As seen above, the Iranian languages have varied considerably in the development of their case systems. Nevertheless, there is a common drift to be observed that is shared by both West and East Iranian, in terms of the merger and loss of cases.

While Avestan continues the inherited pattern, Old Persian innovates by the loss of the ablative-dative -aibyah in the plural, resulting in merger of the dative with the genitive, and of the ablative with the instrumental. In the singular the dative likewise merged with the genitive and the ablative with the instrumental after the loss of final -t. Exactly this pattern, rather than that of Avestan, is also found in the developments in Khotanese and Sogdian. In these two languages in addition the nominative merges with the accusative in the plural.

The next stage of the simplification of the case system is the development of an opposition between direct and oblique case only, as found in early Middle Persian. Similarly, in Late Khotanese there are only two distinct case forms in the plural. In Sogdian the binary opposition in the plural of -ta vs. -tya, is an innovation, as is also the optional marking of the oblique singular and plural in late Sogdian.

Overall, then, the major division that emerges is that between vocative, nominative, and accusative on one hand, and the remaining cases on the other.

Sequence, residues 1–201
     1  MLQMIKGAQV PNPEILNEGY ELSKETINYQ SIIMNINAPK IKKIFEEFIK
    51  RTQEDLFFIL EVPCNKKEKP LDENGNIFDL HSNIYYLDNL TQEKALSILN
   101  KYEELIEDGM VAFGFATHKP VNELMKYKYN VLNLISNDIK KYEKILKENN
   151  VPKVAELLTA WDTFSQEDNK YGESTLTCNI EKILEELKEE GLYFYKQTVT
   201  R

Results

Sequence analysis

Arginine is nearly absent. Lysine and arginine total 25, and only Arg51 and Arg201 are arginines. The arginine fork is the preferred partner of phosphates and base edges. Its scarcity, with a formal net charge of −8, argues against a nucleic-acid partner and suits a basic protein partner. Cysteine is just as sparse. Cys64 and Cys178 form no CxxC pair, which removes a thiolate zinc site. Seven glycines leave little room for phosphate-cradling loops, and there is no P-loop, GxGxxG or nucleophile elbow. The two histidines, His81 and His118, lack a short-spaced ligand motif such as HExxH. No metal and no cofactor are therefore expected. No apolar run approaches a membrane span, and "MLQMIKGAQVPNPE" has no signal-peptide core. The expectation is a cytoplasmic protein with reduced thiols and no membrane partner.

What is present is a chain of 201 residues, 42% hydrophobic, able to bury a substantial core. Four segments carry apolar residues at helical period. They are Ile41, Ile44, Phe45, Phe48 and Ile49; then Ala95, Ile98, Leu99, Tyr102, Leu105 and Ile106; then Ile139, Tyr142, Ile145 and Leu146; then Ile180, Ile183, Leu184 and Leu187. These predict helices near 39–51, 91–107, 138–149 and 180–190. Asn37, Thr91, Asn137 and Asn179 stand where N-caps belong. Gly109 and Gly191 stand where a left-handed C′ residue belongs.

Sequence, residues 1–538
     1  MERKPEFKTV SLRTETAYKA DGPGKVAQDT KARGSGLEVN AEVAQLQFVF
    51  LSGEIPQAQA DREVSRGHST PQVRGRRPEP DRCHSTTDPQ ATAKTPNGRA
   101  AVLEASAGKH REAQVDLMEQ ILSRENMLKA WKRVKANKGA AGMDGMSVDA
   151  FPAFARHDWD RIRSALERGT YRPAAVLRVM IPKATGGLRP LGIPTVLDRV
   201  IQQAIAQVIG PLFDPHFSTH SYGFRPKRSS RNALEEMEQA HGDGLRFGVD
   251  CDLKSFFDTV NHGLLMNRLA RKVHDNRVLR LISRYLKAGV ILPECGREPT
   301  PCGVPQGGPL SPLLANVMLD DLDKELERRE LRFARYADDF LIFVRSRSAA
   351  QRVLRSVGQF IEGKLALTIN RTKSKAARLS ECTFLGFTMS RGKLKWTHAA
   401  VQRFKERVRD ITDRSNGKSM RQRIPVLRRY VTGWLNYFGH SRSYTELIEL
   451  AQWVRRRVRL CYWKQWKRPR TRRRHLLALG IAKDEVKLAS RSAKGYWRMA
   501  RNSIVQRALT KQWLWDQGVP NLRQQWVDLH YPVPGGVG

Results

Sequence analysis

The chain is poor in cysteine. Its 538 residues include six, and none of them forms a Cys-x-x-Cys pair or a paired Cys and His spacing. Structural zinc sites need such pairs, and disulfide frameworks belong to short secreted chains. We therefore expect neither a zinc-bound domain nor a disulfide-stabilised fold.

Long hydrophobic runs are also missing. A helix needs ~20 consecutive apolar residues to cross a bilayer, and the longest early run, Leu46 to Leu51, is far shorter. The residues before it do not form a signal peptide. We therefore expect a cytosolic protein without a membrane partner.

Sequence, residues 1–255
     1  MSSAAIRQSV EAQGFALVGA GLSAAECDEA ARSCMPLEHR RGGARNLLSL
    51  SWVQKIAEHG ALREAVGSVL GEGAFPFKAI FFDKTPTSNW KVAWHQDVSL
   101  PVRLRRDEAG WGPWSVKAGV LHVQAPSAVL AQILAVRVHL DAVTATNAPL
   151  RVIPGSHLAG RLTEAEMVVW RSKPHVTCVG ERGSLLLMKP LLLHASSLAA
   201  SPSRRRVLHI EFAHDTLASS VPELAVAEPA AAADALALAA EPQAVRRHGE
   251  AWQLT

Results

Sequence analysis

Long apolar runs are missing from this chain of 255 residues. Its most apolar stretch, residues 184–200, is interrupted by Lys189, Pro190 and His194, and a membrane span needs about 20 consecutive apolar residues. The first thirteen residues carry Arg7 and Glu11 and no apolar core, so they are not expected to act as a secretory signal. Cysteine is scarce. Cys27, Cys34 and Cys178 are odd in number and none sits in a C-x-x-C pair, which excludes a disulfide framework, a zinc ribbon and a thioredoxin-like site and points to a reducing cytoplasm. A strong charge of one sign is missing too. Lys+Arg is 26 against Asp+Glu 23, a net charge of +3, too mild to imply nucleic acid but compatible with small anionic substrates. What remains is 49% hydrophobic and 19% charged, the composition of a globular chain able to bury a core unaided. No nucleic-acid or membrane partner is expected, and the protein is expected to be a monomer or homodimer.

The final stage is the loss of distinction other than singular vs. plural.

The evidence of the modern Iranian languages suggests that all of them, with the exception of Pashto, must have gone through a stage with the binary distinction between direct and oblique in both singular and plural, similar to that of early Middle Iranian. Table 12 shows the basic patterns of the marking of the major marked cases in nouns (Note that the oblique marker cited is that of the 3rd singular masculine, only):

OBL = oblique;

ERG = ergative (subject in transitive past not in the direct case);

GEN = genitive/possessor (dependent noun and possessive);

DAT = dative/indirect object;

ACC = accusative/direct object;

P = oblique in pronouns only; D = direct case; O = oblique case;

A = accusative case in dialects where the direct object is marked by adpositions and/or the oblique;

PR = verbal forms from the present stem;

PT = forms from the past stem.